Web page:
Sunday, September 05, 2010

JFFD ‘10: The Loners

Israel is a tiny country surrounded by enemies committed to its destruction. By necessity, the IDF has become pound-for-pound the most effective fighting force in the world. To maintain discipline, breaches of conduct must be dealt with quickly but justly. Inspired by an actual insurrection within an Israeli military prison, Renen Schorr’s The Loners (trailer here) examines a case of justice that was more swift than thorough without engaging in political cheap shots. Currently playing the festival circuit, it screens during the upcoming Jewish Film Festival of Dallas.

To be fair, the IDF had good reason to be upset when the automatic rifle used in a terrorist attack by Hamas is traced back to Sasha Bluchin, a Russian born soldier recently accepted for officer training. Suspicion also naturally falls on his only friend Glory Campbell, a fellow Russian who happened to have access to the armory. While the system might have been hot to convict them, the Russians did not offer much of a defense, reluctant to admit the embarrassing truth (though it is basically what we suspect from the get-go).

As soon as the Russians arrive in the military prison, the IDF starts maneuvering to get them out. If they simply accept a discharge they can be transferred to a vastly more comfortable civilian prison—one with televisions in the cells. However, the two Russian soldiers insist on appealing their sentence. In the meantime, the warden, Sergeant Galperin, does his best to make life miserable for them. The tough-as-nails Campbell tries to protect the weaker Bluchin, but with their situation looking ever more hopeless, he resorts to an act of desperation, taking control of their cell block in an act of mutiny.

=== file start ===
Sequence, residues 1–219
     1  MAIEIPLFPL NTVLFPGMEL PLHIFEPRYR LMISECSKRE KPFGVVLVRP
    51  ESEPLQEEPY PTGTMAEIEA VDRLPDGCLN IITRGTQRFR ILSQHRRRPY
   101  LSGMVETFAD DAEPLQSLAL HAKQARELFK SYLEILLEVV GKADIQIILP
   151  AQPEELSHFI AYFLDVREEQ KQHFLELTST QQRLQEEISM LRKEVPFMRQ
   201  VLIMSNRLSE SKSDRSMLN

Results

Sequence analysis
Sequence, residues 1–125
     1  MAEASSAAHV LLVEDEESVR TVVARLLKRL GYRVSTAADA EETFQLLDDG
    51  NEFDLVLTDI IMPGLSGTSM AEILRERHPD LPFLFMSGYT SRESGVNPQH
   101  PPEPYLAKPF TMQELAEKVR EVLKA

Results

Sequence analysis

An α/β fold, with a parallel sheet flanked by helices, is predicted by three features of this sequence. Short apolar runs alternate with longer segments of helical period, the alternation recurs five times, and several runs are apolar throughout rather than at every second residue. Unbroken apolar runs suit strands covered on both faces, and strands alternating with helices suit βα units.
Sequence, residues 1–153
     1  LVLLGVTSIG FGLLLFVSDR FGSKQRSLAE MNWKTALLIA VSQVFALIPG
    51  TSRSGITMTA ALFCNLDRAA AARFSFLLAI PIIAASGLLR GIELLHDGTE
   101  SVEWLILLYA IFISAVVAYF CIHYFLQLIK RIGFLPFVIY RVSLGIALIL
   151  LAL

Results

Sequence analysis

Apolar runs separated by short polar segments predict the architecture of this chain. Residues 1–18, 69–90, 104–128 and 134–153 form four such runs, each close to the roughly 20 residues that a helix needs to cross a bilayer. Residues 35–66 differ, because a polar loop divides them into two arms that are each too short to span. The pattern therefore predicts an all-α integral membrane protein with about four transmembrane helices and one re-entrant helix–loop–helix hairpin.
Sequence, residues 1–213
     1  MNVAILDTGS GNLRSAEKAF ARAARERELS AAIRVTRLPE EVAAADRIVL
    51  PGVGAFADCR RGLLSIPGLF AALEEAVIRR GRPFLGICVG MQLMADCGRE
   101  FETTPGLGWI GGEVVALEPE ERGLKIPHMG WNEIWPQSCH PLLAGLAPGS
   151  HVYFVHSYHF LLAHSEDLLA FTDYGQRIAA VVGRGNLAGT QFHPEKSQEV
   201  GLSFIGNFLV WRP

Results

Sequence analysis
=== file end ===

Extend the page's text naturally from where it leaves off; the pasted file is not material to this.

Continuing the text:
Of course, Campbell’s coup cannot possibly succeed in the long run. As a result, a tragic air hangs over Loners, with the real suspense coming from the precariousness of the Russians’ position. The hard-nosed but humane General Ben Aroya truly wants to avoid bloodshed, but not all heads are as cool as his.

If you ever wanted to see what an Israeli military prison looks like, Loners is the film for you. Frankly, it is just as drab and depressing as any government compound. Yet the grimy details of design team Ido Doley and Benny Arbitman feel scrupulously authentic. In truth, the brig does not like a chamber of horrors. Yes, it is hard and unpleasant, but surely Israel’s harshest critics would want her military transgressors consigned to such an environment.

First time actor Sasha Avshalom Agrounov deservedly won Israel’s Academy Award for his intense debut as Campbell. A steely presence, he keeps viewers off balance with his quick fuse and ambiguous affection for his countryman. In contrast, it is hard to buy Anton Ostrovski’s Bluchin as a soldier, much less an officer candidate. Not so Tzahi Grad, who memorably conveys both the military bearing and fundamental decency of Aroya in a small but critical supporting turn.

While Schorr has been sharply critical of the incident that inspired Loners, he clearly privileged the film’s story over his own sense of outrage. As a result, it is a fairly meaty and complex morality play. For those in the DFW area, it is definitely worth checking out when it screens Tuesday after next (9/14) at the Jewish Film Festival of Dallas, which kicks off next Saturday (Saviors in the Night and Seven Minutes in Heaven are also highly recommended). It is also available for viewing in New York at the Israel Film Center, but advance reservations are required.